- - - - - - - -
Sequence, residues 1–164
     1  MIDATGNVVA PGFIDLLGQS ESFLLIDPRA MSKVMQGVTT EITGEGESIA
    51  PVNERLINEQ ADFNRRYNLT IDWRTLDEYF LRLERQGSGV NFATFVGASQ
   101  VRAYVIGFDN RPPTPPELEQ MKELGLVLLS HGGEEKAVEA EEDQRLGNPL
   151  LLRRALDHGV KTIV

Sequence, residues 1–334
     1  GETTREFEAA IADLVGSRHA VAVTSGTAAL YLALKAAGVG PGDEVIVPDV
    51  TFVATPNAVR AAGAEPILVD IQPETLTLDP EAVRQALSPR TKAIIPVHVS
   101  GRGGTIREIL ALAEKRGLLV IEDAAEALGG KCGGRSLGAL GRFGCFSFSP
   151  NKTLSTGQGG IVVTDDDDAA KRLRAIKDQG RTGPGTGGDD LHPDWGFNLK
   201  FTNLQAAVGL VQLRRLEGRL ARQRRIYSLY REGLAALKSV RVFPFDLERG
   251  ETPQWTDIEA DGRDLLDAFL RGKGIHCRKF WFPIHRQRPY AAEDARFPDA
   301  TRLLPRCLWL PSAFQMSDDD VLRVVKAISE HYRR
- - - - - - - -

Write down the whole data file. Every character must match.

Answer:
Sequence, residues 1–164
     1  MIDATGNVVA PGFIDLLGQS ESFLLIDPRA MSKVMQGVTT EITGEGESIA
    51  PVNERLINEQ ADFNRRYNLT IDWRTLDEYF LRLERQGSGV NFATFVGASQ
   101  VRAYVIGFDN RPPTPPELEQ MKELGLVLLS HGGEEKAVEA EEDQRLGNPL
   151  LLRRALDHGV KTIV

Sequence, residues 1–334
     1  GETTREFEAA IADLVGSRHA VAVTSGTAAL YLALKAAGVG PGDEVIVPDV
    51  TFVATPNAVR AAGAEPILVD IQPETLTLDP EAVRQALSPR TKAIIPVHVS
   101  GRGGTIREIL ALAEKRGLLV IEDAAEALGG KCGGRSLGAL GRFGCFSFSP
   151  NKTLSTGQGG IVVTDDDDAA KRLRAIKDQG RTGPGTGGDD LHPDWGFNLK
   201  FTNLQAAVGL VQLRRLEGRL ARQRRIYSLY REGLAALKSV RVFPFDLERG
   251  ETPQWTDIEA DGRDLLDAFL RGKGIHCRKF WFPIHRQRPY AAEDARFPDA
   301  TRLLPRCLWL PSAFQMSDDD VLRVVKAISE HYRR